While agreeing with the scientists’ critical point that orangutan conservation requires a renewed focus on habitat protection, she argues that IAR is already heavily involved in tackling this problem through education and raising awareness, but also that the issue is not always as simple as the studies imply.

“We are in the frontline, and we see situations that are not as pretty as they try to picture,” she said. “We deal with a lot of complaints from farmers over crop-raiding, and that’s probably the number two reason why we rescue orangutans, with the number one being forest fires.”

In some situations, Sánchez said, farmers who facing losing crops to the animals will resort to shooting at them with air guns. “They can blind them by targeting the eyes,” she said. “We find orangutans with pellets in their faces too often for it to be a co-incidence.”

In a joint statement following the publication of the studies, two groups working to conserve Sumatran orangutans (Pongo abelii) said the rescue and rehabilitation of individuals was only ever carried out where the forest area where they lived was being cleared or if their lives were in immediate risk.

“We can confidently state that without such interventions, these orangutans would have had little chance of survival, and those that were not starved or shot would likely have ended up in the illegal pet trade,” said the statement, released by the Sumatran Orangutan Society (SOS) and the Orangutan Information Centre (OIC).

But the statement also recognized that translocations do not solve the broader issue of habitat loss and said the two groups would examine the findings of the Borneo-focused research to see if there was anything they could learn from it.

According to Meijaard, there are mechanisms for dealing with crop-raiding orangutans, including financial compensation for affected farmers, and companies need to follow Indonesian laws that require them to protect the animals and their habitat.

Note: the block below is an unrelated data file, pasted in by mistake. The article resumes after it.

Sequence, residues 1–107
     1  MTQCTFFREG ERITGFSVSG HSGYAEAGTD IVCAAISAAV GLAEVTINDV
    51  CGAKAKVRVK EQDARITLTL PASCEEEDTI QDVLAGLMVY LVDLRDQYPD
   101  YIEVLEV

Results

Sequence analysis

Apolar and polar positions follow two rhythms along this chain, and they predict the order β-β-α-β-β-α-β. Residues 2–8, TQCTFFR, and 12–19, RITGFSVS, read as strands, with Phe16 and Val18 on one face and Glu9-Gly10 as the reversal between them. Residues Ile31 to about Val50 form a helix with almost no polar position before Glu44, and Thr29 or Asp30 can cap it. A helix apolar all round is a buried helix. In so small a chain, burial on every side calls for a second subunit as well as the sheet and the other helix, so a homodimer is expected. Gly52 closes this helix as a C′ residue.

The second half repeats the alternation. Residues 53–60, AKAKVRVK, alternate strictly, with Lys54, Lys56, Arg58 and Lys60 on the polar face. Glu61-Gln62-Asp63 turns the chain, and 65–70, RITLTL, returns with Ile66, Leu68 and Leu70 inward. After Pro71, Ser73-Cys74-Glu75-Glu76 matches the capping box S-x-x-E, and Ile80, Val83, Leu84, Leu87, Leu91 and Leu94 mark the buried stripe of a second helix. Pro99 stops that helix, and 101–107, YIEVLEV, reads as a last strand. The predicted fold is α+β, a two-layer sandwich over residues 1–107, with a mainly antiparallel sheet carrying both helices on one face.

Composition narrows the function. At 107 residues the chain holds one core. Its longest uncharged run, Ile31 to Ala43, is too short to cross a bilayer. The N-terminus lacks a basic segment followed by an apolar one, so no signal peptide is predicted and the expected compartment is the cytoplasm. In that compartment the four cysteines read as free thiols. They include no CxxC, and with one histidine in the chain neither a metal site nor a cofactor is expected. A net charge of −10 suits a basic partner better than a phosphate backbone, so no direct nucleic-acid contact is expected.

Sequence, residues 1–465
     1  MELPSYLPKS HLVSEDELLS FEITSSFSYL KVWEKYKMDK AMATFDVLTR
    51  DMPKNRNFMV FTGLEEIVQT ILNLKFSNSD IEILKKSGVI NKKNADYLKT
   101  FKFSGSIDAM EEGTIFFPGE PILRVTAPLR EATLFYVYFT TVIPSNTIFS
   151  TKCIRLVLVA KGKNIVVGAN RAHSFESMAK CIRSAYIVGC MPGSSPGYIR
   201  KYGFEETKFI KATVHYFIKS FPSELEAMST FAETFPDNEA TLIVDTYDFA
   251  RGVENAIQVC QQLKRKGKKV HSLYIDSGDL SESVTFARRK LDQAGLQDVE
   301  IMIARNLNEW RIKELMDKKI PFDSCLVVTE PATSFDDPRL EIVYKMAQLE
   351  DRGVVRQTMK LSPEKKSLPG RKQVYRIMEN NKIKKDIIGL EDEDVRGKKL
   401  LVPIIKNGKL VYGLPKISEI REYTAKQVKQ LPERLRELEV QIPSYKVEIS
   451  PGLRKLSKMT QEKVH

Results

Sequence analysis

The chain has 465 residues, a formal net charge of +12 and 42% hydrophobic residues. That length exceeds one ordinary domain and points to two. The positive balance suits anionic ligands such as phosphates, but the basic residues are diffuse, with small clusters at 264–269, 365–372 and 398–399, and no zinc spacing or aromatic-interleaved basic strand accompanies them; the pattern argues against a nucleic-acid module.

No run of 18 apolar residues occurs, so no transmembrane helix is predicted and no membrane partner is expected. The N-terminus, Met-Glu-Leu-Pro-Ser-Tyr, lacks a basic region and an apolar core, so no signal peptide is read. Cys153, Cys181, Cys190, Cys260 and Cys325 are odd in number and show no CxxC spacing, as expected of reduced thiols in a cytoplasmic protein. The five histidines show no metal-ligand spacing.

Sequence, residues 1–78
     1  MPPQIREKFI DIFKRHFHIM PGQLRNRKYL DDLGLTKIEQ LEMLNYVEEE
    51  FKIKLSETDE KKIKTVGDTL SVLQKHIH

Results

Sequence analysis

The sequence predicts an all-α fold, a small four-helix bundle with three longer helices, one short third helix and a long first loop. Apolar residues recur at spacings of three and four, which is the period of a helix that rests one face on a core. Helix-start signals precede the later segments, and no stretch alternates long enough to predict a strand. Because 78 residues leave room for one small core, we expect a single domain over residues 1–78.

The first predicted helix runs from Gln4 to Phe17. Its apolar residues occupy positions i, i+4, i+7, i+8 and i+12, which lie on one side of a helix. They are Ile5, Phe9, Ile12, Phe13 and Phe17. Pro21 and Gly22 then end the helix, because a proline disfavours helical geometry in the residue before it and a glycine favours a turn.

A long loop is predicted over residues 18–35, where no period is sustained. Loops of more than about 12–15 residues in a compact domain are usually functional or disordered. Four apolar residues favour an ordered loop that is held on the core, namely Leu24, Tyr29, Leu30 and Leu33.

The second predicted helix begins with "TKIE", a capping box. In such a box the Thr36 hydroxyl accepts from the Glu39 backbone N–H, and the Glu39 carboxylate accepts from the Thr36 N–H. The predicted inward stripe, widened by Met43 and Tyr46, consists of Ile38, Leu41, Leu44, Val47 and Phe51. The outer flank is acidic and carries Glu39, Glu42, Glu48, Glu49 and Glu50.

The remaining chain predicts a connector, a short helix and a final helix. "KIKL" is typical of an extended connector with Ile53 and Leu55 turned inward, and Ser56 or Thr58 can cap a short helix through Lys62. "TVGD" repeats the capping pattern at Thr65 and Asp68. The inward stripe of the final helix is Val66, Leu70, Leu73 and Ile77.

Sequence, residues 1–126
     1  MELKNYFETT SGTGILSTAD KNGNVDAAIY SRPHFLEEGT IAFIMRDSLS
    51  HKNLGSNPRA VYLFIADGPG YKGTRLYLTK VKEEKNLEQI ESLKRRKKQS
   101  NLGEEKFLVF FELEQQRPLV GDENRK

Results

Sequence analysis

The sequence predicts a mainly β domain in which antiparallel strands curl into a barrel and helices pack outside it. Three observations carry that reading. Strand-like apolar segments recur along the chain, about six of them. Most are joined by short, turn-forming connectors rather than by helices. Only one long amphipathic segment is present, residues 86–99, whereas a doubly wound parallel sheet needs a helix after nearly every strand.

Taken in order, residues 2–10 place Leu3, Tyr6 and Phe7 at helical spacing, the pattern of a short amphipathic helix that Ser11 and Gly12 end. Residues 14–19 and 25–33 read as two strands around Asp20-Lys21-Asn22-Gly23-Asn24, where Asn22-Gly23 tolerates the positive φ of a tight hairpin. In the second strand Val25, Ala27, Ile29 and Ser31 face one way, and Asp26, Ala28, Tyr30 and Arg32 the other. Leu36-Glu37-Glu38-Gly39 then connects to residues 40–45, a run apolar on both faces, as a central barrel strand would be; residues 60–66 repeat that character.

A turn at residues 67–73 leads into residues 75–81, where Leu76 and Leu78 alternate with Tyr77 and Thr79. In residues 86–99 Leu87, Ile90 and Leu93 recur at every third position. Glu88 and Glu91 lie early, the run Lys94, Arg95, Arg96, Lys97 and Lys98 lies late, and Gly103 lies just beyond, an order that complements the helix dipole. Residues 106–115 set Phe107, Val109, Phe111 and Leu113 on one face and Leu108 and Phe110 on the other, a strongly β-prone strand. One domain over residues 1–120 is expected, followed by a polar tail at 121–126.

“We understand that this is rarely happening, but it is still vital that we work with communities and companies to facilitate the coexistence between orangutans and people rather than remove the orangutans,” Meijaard says.

So why do translocations happen to the extent they do if the science suggests they are not achieving the desired outcome? Sherman says pictures of “emaciated, desperate or injured orangutans, or girls holding adorable babies” work well as tools to raise money, but the issue is also more complicated than that.

“I think of it more in terms of a feedback loop — people are [giving money] out of concern, but then it’s also taken up by the government, by the public and by donors as the solution to orangutan conservation,” she says. “But it doesn’t work.”

Sánchez argues that orangutan translocations are a vital fundraising tool, because talking to “people in the west about the problems of deforestation and lack of habitat” does not produce great results. “When you talk to them about baby orangutans, they give you a lot of money. If we really wanted to give people a good message, that would take a long time, but in the meantime, we need to continue getting funds.”

Meijaard says it’s time for forest and orangutan conservationists to stop basing policies on supposition. “In the 1990s, everyone said that orangutans cannot survive in selectively logged forests, but if we had really looked at the data, we would have realized that they do better in them than in primary rainforests because of the regrowth of pioneer species and the fruit they provide,” he said.

“We never even looked at the data or asked the question, so we missed an opportunity of 20 to 30 years to work with the timber industry and work on conservation solutions together. We missed the boat, and in the same way — though I don’t like palm oil — we are missing an opportunity by just agitating and refusing to accept it’s there. And that’s a problem for conservation.”


Banner Image by Rhett A. Butler/Mongabay.

Article posted by James Fair on 15 April 2020 on Mongabay: 

Republished with permission.